As the countdown to the Grant Park Music Festival’s seventy-fifth season anniversary winds down (see separate listing for July 1) and Taste of Chicago heats up, principal conductor Carlos Kalmar and the Grant Park Orchestra head indoors to the Harris Theater for a special concert celebrating American music from the decade of the opening of the Festival, the 1930s. The centerpiece of the concert is a rare complete performance of William Grant Still’s “Afro-American” Symphony No. 1, the first symphonic work written by an African-American composer. Still incorporated the same syncopated rhythm in the piece two years before that same rhythm was made famous by George Gershwin in his song, “I Got Rhythm.” Gershwin himself will be represented by excerpts from his 1931 show “Of Thee I Sing,” considered the first Broadway political satire and the inspiration for the Marx Brothers’ “Duck Soup.” Also on the program are William Schuman’s “American Festival Overture,” Samuel Barber’s “School for Scandal” Overture and Chicago composer Leo Sowerby’s “Prairie.” (Dennis Polkow)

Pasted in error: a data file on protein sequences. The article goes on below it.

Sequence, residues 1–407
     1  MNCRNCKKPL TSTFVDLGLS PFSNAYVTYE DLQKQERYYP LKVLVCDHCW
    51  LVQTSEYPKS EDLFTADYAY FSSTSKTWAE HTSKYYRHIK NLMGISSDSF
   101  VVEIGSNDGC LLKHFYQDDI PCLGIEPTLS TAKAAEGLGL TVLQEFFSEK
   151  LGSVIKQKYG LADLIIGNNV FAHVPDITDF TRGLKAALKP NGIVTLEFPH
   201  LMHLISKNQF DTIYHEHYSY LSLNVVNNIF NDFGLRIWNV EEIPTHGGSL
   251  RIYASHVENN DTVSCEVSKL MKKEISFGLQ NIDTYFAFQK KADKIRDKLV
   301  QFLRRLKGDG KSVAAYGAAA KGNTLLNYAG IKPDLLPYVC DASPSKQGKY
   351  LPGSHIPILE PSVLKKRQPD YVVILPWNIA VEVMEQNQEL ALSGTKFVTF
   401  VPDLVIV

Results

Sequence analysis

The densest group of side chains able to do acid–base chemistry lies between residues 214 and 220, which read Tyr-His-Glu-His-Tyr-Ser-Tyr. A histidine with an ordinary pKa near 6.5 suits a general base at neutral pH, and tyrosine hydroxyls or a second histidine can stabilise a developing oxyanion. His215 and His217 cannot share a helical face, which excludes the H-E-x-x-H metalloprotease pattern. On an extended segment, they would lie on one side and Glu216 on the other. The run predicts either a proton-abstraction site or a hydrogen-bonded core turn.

June 26 (6:30pm) and June 27 (7:30pm) at Millennium Park’s Harris Theater, 205 E. Randolph, (312)742-7638. Free.